Welcome to the University of Texas Skywatchers' Report for December 21st through January 2nd 2006.

The moon is at third quarter on Friday the 23rd and will be new on the last day of the year, December 31st.

The winter solstice occurred at 12:35 p.m. here in Austin on Wednesday the 21st. This is the point where the sun reaches its farthest point south on the celestial sphere and it cuts the smallest arc across the sky. This means that in the northern hemisphere, the day is the shortest of the year. For our friends in the southern hemisphere, today is the summer solstice and the sun will cut the largest arc across the sky making it the longest day of the year.

The last meteor shower of 2005 peaks on Thursday, December 22nd. This shower is called the Ursids, because it appears to come from a point in the constellation Ursa Minor. The activity of this shower is typically about 10 meteors an hour, but it has been known to produce over 50 an hour.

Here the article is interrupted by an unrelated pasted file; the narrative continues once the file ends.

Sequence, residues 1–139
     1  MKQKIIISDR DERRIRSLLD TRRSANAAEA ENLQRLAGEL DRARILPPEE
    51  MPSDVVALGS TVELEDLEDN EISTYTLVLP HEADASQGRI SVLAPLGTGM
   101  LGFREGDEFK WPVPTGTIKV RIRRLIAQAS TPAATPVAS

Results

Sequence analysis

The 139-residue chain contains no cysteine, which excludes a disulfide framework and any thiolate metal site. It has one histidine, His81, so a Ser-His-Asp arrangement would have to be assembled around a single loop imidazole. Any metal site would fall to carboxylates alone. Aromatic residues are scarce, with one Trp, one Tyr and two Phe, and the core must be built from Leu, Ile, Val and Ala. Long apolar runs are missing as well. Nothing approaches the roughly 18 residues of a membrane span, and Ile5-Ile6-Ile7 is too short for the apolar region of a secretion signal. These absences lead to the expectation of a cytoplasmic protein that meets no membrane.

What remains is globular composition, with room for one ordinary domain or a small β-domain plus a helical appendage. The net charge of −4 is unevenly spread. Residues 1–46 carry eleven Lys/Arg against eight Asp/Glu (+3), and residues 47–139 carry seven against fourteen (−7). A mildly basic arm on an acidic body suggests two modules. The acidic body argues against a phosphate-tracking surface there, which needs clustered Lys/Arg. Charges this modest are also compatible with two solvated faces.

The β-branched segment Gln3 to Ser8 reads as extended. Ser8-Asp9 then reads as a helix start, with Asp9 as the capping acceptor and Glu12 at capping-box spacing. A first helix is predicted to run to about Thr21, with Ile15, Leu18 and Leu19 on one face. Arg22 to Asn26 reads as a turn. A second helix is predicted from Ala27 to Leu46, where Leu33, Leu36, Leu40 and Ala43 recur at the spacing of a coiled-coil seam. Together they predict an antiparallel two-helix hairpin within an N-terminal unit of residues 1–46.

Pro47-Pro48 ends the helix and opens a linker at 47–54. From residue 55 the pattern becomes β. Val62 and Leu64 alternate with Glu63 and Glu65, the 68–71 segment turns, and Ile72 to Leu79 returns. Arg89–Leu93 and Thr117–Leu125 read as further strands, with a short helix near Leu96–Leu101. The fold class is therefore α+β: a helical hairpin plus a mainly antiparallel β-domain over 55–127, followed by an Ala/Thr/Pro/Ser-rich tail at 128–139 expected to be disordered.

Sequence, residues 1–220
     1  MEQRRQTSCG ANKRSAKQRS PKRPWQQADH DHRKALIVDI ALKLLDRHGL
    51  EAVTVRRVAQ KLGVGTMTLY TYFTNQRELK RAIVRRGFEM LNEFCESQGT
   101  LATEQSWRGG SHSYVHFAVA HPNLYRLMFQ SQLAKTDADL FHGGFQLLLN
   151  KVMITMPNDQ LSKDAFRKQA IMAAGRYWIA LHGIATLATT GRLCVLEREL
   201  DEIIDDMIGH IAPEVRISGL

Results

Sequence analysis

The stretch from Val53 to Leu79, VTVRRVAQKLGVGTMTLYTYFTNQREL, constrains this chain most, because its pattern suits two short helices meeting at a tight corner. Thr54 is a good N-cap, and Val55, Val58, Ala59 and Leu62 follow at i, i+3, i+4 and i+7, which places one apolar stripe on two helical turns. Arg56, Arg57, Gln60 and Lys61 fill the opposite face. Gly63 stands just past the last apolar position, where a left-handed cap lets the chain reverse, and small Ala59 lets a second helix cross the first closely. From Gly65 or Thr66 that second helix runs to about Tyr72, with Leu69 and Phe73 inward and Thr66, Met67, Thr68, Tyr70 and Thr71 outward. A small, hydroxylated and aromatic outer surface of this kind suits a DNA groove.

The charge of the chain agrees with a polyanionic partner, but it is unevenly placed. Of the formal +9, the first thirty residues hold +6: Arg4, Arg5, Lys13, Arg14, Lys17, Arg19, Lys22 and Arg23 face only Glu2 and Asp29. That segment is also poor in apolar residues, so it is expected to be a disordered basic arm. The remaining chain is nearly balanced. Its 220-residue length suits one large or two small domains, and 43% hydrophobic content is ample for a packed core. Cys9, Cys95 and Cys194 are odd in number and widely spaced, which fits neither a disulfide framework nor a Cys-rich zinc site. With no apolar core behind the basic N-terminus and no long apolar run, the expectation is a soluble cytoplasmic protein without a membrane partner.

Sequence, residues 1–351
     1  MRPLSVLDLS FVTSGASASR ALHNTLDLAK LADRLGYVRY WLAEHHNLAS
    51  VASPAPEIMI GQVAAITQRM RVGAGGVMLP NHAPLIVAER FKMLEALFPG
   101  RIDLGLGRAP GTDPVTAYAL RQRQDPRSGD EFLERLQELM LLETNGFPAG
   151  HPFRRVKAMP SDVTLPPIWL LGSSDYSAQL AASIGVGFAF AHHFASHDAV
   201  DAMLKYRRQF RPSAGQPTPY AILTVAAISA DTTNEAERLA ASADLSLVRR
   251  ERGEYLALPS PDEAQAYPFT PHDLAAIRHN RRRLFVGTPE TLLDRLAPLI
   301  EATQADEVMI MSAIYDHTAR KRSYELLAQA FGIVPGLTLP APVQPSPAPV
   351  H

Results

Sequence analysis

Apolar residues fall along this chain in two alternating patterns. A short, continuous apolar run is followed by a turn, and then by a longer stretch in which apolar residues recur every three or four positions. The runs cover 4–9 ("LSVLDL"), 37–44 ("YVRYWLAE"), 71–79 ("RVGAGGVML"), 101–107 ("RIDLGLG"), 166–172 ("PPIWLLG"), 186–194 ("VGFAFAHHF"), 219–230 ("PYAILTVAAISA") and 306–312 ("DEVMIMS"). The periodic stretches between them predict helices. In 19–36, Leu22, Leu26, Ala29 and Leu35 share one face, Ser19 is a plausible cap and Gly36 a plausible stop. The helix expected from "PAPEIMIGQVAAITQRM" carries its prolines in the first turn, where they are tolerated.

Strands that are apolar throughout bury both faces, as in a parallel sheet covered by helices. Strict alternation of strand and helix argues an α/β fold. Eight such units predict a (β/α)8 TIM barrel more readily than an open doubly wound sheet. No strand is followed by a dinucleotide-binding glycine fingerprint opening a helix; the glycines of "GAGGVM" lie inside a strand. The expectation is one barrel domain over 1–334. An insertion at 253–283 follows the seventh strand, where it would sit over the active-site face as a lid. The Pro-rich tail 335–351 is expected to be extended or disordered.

The year closes out with several bright planets still in the evening skies. Venus is sinking in the western skies and sets a little after 7 p.m. as 2006 starts. A very thin crescent moon will be alongside Venus on New Years Day.

Mars finishes the year high in the southeast as twilight falls. Saturn is rising just before 8 p.m. as the year closes, providing a great target for any telescopes received as gifts over the holidays. Jupiter is rising at 3 a.m. on New Years morning. Mercury is still peeking above the horizon as the sun rises on 2006.

Public viewing is on hiatus until the start of the spring 2006 semester. Please call back in mid-January for starting dates and times.

Thank you for calling the University of Texas Skywatchers' Report and have a happy and safe holiday season.



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